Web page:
Interrobang Rewind: Nevermind — Nirvana

The cover to Nirvana's sophomore work Nevermind.

Interrobang Rewind is a bi-weekly column reviewing media from days gone by.

It’s hard to overstate how important Nevermind is as an album. Nirvana’s sophomore album is a landmark in the 90s rock scene. It fundamentally changed how mainstream rock sounded at the time, bringing grunge and alt rock to the mainstream and effectively ending the reign of glam rock that had kept the 80s in a stranglehold.

After the small success of their first album Bleach, Nevermind was estimated to be a small success as well, with the label hoping to sell around 250,000 copies total, and optimistically hoped the album would go gold a year after its September 1991 release.

Get the TD Insurance app.

Nevermind was certified platinum within two months.

So this album is a big deal. Is it any good?

The album starts with its most famous song, “Smells Like Teen Spirit.” There’s a reason it’s so popular; the opening riff is an instantly iconic sound to anyone born in the past 40 years. The verses slowly build up the tension to the chorus, where all that tension is let loose in an explosion of power chords and teenage angst. Kurt Cobain’s singing voice is nothing short of guttural, as he screams the lyrics on the chorus before going back down to a soft, almost mumbled tone on the verses.

The rest of the album doesn’t let up either. “In Bloom” is the next song, slowing things down a bit but still having a headbanging feel thanks to its meaty, distorted guitars. “Come as You Are” is the best song off this album, if you ask me.

Another instantly recognizable opening riff and production that gives the song this floaty underwater feel to it. We also get a rare (and very enjoyable) Cobain solo, as the singer/guitarist thought solos were too self-indulgent.

The punk rock anthem “Breed” speeds things right up, with a driving, distorted bassline that keeps the song screaming through its short runtime. “Lithium,” a song about manic depression, sounds exactly like that. The song bounces from two extremes of self-deprecating and self-aggrandizing while the instrumental goes from a simple riff to a headbanging chorus.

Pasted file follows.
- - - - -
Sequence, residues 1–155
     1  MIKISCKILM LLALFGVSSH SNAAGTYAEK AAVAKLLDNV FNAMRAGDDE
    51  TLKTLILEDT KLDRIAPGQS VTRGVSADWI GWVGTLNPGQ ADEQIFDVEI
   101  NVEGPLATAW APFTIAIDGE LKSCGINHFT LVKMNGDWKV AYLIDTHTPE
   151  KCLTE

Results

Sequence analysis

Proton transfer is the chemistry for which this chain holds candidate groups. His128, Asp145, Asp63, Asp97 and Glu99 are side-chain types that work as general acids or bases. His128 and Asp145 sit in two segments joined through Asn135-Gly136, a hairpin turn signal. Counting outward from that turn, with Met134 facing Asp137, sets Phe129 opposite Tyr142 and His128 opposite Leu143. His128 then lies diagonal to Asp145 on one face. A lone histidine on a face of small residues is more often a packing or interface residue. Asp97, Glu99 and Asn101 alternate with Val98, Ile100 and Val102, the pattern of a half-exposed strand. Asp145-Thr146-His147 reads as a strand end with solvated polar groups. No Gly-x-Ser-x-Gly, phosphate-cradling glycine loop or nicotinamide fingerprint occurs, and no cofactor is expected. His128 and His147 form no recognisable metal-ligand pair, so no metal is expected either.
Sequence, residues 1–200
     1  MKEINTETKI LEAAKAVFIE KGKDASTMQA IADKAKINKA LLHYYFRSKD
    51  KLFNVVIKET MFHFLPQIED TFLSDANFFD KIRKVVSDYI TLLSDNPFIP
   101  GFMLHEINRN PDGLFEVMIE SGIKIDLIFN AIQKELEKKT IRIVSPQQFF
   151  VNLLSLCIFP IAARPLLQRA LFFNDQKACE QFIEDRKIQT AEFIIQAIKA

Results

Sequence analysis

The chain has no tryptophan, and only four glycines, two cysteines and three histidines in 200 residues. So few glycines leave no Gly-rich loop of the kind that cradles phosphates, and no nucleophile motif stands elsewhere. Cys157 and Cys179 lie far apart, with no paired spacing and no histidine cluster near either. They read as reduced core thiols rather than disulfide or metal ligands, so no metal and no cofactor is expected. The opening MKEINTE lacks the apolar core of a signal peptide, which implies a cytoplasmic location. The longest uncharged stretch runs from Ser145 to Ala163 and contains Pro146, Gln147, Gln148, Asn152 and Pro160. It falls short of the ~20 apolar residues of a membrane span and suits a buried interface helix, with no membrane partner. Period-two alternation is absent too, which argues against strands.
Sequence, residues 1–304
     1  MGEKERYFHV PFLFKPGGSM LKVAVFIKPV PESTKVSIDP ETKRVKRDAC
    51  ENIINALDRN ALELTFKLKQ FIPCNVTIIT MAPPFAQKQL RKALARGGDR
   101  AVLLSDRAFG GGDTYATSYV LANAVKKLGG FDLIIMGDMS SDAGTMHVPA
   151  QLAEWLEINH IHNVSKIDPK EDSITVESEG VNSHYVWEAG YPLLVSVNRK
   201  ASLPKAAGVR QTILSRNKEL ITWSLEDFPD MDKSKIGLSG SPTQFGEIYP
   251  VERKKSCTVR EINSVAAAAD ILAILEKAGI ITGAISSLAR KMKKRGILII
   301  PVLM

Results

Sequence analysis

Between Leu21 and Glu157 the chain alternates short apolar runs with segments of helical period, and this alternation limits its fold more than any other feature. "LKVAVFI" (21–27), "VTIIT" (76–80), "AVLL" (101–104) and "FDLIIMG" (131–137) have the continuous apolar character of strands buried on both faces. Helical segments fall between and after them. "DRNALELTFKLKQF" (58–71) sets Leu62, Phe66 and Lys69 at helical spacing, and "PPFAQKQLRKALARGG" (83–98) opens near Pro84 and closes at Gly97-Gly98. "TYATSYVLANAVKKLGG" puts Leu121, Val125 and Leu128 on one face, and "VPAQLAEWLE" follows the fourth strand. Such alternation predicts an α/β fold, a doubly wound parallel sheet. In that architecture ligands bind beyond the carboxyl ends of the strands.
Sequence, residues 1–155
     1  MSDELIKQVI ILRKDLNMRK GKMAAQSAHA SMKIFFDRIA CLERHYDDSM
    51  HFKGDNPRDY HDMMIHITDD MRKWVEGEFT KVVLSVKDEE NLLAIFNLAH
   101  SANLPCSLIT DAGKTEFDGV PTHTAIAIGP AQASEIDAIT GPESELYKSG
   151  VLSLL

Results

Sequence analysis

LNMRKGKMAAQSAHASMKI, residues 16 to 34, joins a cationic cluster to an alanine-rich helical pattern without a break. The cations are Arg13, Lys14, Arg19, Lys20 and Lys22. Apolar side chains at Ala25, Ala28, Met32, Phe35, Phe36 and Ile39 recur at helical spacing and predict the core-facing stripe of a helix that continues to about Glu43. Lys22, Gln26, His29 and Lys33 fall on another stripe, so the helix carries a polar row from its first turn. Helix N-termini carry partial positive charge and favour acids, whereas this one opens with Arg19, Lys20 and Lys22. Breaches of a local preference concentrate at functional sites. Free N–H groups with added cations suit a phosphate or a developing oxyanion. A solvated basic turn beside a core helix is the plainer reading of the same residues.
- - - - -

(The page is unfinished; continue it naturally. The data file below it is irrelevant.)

“Polly” is unfortunately where I start to fall off the album a little. It’s a simple acoustic (almost folk) tune about a sexual assault victim from the POV of the rapist. Other than the depraved depths the song hits about the real events it’s describing, it’s not super interesting.

“Territorial Pissings” is another song with a screaming pace, with Cobain delivering the lyrics in a throat tearing scream. The production highlights the bass and drums that keep the song’s pace up under the heavily distorted guitar. “Drain You,” a song about a toxic relationship, comes next. While it’s nothing special, it’s more of the Nirvana sound that made them so popular with the heavily distorted guitars and pop punk sound.

The next three songs, “Lounge Act,” “Stay Away,” and “On a Plain” all speak on Cobain’s life and various issues plaguing him, with “Lounge Act” having him scream in this pained tone that conveys the heartbreak that comes after a breakup. “Stay Away” talks about Cobain’s frustrations with popular culture and how everything in it is the same. “On a Plain” is about the ever-relatable writer’s block, with repeated power chords giving the song a feeling of being stuck in place.

“Something in the Way” is unlike anything else on the album. The song charted recently thanks to the film The Batman using it in its trailers. The near whisper Cobain uses is a sharp contrast from previous songs, and the instrumental is equally quiet. A sombre cello scores the song, giving it a melancholy and sobering feel.

The now famous hidden track “Endless, Nameless” is the rawest song on the record, with dark guitar and bass that almost feel like walking through sludge. The lyrics are nearly unintelligible, and the latter half of its six-minute runtime is mostly just noise. A hard listen for sure, but a worthwhile one.

To return to the question posed at the beginning of the review. Is this record good?

Of course it is. It’s nothing mind blowing or the complicated masterpiece a lot of people make it out to be, but instead a carefully produced, energetic rock record that paved the way for others like it.

Editorial opinions or comments expressed in this online edition of Interrobang newspaper reflect the views of the writer and are not those of the Interrobang or the Fanshawe Student Union. The Interrobang is published weekly by the Fanshawe Student Union at 1001 Fanshawe College Blvd., P.O. Box 7005, London, Ontario, N5Y 5R6 and distributed through the Fanshawe College community. Letters to the editor are welcome. All letters are subject to editing and should be emailed. All letters must be accompanied by contact information. Letters can also be submitted online by clicking here.